AB - We investigated the muscle alterations related to spasticity in stroke quantitatively using a portable manual spasticity evaluator. Methods: Quantitative neuro-mechanical evaluations under controlled passive elbow stretches in stroke survivors and healthy controls were performed in a research laboratory of a rehabilitation hospital. Twelve stroke survivors and nine healthy controls participated in the study. Spasticity and catch angle were evaluated at 90°/s and 270°/s with the velocities controlled through real-time audiovisual feedback. The elbow range of motion (ROM), stiffness, and energy loss were determined at a slow velocity of 30°/s. Four-dimensional measures including joint position, torque, velocity and torque change rate were analyzed jointly to determine the catch angle. Results: The catch angle was dependent on the stretch velocity and occurred significantly later with increasing velocity (p < 0.001), indicating position dependence of spasticity. The higher resistance felt by the examiner at the higher velocity was also due to more extreme joint position (joint angle) since the spastic joint was moved significantly further to a stiffer elbow position with the higher velocity. Stroke survivors showed smaller ROM (p < 0.001), higher stiffness (p < 0.001), and larger energy loss (p = 0.005). Compared to the controls, stroke survivors showed increased reflex excitability with higher reflex-mediated torque (p < 0.001) and at higher velocities (p = 0.02). Conclusion: Velocity dependence of spasticity is partially due to joint angle position dependence with the joint moved further (to a stiffer position where higher resistance was felt) at a higher velocity. The “4-dimensional characterization” including the joint angle, velocity, torque, and torque change rate provides a systematic tool to characterize catch angle and spasticity quantitatively.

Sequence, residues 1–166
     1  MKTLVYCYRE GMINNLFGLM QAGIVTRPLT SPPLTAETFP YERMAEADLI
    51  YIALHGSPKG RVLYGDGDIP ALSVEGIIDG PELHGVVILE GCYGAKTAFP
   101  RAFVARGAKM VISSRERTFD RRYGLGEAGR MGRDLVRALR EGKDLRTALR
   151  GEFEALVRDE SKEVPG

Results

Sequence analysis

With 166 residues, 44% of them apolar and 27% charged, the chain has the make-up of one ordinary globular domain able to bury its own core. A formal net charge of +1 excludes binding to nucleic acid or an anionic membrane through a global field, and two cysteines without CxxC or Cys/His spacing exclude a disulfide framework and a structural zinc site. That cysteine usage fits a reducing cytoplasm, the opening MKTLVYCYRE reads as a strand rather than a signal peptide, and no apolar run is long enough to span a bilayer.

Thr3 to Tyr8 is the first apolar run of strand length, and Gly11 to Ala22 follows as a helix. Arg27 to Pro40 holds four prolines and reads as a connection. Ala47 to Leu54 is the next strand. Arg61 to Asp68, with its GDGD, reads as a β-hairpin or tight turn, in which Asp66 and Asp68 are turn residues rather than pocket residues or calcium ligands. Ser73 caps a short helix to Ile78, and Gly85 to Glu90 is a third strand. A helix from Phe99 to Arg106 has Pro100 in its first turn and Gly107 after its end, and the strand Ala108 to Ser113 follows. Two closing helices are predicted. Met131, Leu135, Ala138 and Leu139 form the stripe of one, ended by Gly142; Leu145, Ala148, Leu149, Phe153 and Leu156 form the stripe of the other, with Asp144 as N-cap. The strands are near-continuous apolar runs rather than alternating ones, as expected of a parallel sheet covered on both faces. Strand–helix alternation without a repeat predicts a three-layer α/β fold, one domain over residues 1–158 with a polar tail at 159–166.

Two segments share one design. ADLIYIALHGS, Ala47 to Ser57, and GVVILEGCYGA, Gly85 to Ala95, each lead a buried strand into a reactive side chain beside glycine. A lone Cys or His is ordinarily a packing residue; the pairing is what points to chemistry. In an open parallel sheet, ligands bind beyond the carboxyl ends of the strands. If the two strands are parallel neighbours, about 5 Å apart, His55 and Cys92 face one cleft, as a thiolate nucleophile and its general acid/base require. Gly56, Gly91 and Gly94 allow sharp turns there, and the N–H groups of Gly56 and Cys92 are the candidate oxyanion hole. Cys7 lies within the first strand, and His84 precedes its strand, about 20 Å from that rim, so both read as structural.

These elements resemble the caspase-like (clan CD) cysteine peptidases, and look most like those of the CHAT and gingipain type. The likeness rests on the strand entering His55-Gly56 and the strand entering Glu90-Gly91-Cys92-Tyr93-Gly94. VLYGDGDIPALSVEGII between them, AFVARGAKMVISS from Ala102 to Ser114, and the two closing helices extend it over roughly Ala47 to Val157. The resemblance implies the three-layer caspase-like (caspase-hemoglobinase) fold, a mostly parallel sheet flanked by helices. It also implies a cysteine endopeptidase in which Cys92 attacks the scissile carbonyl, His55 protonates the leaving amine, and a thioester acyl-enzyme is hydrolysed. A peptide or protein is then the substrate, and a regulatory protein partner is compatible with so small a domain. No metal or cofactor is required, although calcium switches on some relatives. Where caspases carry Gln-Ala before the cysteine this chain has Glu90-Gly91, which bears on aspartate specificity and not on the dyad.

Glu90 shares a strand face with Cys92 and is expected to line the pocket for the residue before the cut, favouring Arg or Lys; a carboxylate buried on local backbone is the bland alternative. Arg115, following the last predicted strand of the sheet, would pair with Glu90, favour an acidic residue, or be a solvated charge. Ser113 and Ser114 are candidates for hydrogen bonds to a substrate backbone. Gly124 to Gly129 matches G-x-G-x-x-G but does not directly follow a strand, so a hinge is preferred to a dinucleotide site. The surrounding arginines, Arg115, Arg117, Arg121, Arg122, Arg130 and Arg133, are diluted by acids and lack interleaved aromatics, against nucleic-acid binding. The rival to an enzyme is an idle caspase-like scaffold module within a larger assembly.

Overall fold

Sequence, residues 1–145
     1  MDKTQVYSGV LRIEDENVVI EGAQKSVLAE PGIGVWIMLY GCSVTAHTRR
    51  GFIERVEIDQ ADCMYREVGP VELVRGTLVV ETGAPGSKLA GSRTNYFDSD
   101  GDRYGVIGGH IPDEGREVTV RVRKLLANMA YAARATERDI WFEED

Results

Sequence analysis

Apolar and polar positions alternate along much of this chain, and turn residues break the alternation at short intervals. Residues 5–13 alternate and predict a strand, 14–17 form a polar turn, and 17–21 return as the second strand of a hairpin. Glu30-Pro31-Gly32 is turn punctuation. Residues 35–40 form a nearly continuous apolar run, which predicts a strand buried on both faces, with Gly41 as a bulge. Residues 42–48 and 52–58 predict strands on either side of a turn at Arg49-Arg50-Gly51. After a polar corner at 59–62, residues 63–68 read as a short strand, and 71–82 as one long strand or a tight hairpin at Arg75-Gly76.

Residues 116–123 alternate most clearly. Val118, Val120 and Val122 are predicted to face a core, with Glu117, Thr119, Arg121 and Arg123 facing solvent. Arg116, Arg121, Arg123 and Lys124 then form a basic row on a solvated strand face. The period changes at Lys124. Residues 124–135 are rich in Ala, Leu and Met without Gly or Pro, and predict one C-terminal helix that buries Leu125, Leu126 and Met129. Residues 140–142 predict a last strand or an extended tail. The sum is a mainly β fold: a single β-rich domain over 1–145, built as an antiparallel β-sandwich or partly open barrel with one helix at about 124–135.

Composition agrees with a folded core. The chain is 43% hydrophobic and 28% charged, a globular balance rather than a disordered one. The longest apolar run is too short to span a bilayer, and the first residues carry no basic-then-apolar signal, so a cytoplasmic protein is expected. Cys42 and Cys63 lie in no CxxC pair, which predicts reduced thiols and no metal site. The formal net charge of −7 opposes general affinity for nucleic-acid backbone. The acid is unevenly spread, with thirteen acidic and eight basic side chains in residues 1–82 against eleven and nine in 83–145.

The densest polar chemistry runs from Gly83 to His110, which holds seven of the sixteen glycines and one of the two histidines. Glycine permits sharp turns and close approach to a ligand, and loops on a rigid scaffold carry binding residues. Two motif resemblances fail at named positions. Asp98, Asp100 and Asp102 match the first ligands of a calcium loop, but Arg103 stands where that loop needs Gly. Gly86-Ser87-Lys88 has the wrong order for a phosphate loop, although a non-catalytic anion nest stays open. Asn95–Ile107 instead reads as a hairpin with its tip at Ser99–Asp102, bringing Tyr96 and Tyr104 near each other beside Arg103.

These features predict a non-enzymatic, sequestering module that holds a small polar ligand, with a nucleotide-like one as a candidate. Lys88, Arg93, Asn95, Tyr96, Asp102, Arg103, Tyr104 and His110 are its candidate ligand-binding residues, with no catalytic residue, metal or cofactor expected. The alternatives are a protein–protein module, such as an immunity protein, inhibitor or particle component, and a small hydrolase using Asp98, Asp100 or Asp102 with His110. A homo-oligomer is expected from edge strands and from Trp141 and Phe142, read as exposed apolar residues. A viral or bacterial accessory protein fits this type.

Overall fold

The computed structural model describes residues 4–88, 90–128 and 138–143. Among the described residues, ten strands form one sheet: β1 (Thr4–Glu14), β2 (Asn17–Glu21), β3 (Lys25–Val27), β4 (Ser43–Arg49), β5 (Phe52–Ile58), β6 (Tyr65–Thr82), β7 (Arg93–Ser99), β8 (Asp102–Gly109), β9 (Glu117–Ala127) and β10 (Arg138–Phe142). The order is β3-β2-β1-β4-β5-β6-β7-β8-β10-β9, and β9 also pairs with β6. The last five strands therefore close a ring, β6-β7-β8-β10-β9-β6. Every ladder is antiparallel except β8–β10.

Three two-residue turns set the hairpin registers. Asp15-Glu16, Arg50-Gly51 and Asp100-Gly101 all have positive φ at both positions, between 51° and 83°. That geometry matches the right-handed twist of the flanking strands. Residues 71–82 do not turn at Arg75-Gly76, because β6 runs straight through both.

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DO - 10.3389/fneur.2018.00863

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SN - 1664-2295